Honda’s Rebel 300
Taking It To The Streets
In a 45-year span of owning more bikes (over typically short periods) than I can now catalog, I’ve never owned a cruiser – and I’ve never considered owning a cruiser. Sure, there have been moments of weakness: Bronson’s Sportster, although not technically a cruiser, was one moment; a Triumph Bobber spotted on Dallas’ Lower Greenville was another. Typically, though, the cruiser’s low seat/feet forward layout left me thinking I’d look – and by extension, feel – ridiculous. And that perception is forged with real power beneath the tank. So you might guess my reaction to Honda’s Rebel 300, with its ergonomic compromises and almost no power beneath the tank.
But you should know Honda’s take on an entry-level cruiser, available as both a 300cc single (tested) and 500cc twin, kinda’ works. With the 300’s curb weight of 370 pounds, and a seat height of just 27 inches, this bike could be ridden by most 12-year olds if – of course – they were given the keys. And with those specs, in combination with an under-$5K price point, the Rebel 300 is accessible to vast swaths of the population that would typically never give a bike a second glance – or consider themselves a potential recruit.
Unlike previous attempts at fashioning a cruiser for a young – or financially compromised – audience, there’s nothing ‘toonish about Honda’s singular effort. The bike, finished in an almost-matte black with no brightwork anywhere, impresses as almost serious, and certainly no-nonsense. Visually, I’d argue for some satin-finish bars, and a less massive exhaust, but there’s an integration here that comes across as a unified collection of parts, and not some sort of parts bin roulette. If I were to change one thing other than its oversized exhaust (and agricultural pegs), it would be to add a vestige of finning to the Rebel’s single cylinder, if only to offset the visual heft of the radiator.
In the saddle – and here you’re not on the seat, you’re in the seat – the bars are an easy reach, while the single speedo (no tach) supplies you with a fuel gauge and little else; I’m thinking a gear indicator would be good, given the number of newbies that will be riding the Rebel…or the number of old guys with fading memories. But with a 6-speed ‘box and plenty of torque, if you’re in the wrong gear it’s only a moment ‘til you find the right one. And once rolling that available torque and train-like stability supplies a relaxed feel you typically won’t find on entry-level bikes. If you want this, check out honda riverdale utah for their inventory.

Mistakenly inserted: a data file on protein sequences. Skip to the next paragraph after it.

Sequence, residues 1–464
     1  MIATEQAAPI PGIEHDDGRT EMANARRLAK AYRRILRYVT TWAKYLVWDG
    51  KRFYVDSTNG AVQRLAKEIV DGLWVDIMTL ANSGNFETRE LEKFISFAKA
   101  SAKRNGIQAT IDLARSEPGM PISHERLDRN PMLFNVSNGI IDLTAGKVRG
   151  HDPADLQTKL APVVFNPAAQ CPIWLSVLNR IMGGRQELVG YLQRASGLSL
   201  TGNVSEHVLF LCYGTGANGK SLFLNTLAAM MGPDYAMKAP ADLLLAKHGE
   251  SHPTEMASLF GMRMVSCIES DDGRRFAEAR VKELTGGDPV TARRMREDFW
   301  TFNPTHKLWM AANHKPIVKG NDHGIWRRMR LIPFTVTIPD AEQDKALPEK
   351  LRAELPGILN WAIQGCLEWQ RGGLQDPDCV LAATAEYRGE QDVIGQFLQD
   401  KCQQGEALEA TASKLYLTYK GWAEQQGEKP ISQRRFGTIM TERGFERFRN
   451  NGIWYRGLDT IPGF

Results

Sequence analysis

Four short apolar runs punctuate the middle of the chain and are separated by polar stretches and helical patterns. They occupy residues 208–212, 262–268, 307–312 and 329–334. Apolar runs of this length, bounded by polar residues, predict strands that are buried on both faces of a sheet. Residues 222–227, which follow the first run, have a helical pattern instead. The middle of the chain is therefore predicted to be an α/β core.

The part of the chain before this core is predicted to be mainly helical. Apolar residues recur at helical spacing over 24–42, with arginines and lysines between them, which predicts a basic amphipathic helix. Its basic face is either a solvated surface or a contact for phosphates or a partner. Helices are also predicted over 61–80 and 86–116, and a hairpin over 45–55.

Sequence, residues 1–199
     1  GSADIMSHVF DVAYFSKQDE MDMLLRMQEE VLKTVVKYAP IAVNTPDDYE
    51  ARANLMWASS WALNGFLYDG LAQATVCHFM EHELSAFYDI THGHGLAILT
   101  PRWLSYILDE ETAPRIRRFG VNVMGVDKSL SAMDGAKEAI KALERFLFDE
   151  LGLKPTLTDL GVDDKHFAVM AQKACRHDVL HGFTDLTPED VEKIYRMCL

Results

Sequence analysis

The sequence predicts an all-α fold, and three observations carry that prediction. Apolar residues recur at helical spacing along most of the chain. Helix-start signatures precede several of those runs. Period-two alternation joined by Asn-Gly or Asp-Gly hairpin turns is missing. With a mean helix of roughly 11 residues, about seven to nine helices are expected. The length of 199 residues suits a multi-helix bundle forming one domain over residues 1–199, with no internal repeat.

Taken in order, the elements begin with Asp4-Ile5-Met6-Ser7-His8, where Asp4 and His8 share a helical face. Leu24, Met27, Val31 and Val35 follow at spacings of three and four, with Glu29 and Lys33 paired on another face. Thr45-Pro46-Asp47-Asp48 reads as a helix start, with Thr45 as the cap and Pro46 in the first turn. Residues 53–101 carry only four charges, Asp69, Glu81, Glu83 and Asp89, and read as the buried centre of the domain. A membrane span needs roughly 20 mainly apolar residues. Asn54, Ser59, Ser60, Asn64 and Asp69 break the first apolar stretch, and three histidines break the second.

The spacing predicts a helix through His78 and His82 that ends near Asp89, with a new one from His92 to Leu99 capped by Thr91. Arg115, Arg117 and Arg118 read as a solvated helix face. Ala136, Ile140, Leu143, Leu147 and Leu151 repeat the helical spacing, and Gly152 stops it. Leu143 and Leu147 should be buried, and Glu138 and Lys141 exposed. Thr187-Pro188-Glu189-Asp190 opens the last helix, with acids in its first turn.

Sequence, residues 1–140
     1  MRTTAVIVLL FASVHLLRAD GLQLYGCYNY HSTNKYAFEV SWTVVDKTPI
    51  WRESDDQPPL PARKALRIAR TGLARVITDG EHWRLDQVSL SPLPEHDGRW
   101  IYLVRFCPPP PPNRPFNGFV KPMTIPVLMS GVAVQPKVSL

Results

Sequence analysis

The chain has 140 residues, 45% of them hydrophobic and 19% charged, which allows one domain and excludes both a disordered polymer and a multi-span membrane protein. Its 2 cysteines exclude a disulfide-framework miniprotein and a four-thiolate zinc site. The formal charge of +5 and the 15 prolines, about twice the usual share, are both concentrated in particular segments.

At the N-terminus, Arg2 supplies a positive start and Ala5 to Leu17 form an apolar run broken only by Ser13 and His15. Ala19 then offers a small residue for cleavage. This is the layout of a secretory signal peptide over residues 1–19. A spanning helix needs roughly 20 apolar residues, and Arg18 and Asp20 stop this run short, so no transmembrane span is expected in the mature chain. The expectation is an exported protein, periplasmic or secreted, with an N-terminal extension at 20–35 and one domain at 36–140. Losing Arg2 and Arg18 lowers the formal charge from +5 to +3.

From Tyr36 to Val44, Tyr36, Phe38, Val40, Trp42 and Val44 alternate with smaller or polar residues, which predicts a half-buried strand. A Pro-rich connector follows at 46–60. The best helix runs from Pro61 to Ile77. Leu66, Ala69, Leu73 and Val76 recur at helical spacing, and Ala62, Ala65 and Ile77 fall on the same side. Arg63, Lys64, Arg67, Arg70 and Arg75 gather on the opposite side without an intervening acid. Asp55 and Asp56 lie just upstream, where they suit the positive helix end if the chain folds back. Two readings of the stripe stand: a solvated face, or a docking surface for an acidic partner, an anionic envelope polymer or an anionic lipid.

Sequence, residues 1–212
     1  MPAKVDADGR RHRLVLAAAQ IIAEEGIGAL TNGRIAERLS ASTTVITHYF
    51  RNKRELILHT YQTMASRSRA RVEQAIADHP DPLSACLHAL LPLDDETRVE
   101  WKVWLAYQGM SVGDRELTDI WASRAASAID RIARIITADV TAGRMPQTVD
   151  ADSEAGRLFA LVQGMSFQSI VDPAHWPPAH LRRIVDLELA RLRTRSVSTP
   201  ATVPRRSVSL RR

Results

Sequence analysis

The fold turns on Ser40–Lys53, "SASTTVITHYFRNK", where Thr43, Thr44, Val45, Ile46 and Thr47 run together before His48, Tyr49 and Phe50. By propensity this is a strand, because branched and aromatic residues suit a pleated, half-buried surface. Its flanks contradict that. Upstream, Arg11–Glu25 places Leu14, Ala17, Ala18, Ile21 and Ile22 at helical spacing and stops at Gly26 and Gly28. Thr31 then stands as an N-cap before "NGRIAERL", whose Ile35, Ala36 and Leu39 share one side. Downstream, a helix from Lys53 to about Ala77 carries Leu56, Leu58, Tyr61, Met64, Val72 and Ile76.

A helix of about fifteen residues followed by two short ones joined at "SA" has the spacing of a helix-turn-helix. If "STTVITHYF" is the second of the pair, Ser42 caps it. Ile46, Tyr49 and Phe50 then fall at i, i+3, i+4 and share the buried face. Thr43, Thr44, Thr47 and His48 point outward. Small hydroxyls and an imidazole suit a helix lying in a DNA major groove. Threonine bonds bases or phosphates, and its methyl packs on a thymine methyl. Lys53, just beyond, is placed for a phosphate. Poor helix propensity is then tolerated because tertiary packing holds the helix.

Until, that is, you hit 55. Like BMW’s G 310 R tested earlier, any perceived serenity falls apart as you work your way to freeway speeds. The Honda is less frenetic than the BMW, but you’re still not thinking a long roadtrip; you’re only thinking a cup of coffee, followed – perhaps – by a sedative. There’s no perceptible vibration at speed, but the Rebel 300 just gets a bit too busy for me, and I’ll suspect it will get too busy for you. If you’re put off by its performance above 55, however, know you’ll be pleased with its agility off the line, and you’ll find a real sweetspot at what is typically an around-town pace.
The 300cc single resonates among beginning riders, whether they find themselves on Kawasaki’s Ninja 300, or a dual-purpose Versys from the same showroom. I like what Honda’s done with the Rebel, but I think I’d like spending another $1,700 for the 500cc twin. It’s essentially the same riding experience, but with a comfortably composed 70 miles per hour gait. The smaller bike will get you to Dallas’ Deep Ellum, while the 500 – with available saddle bags and a bedroll – will get you through the Deep South. Your money, your choice – and both are available in your Honda showroom.
Our thanks to the Motorcycle Industry Council for the loan of Honda’s Rebel 300.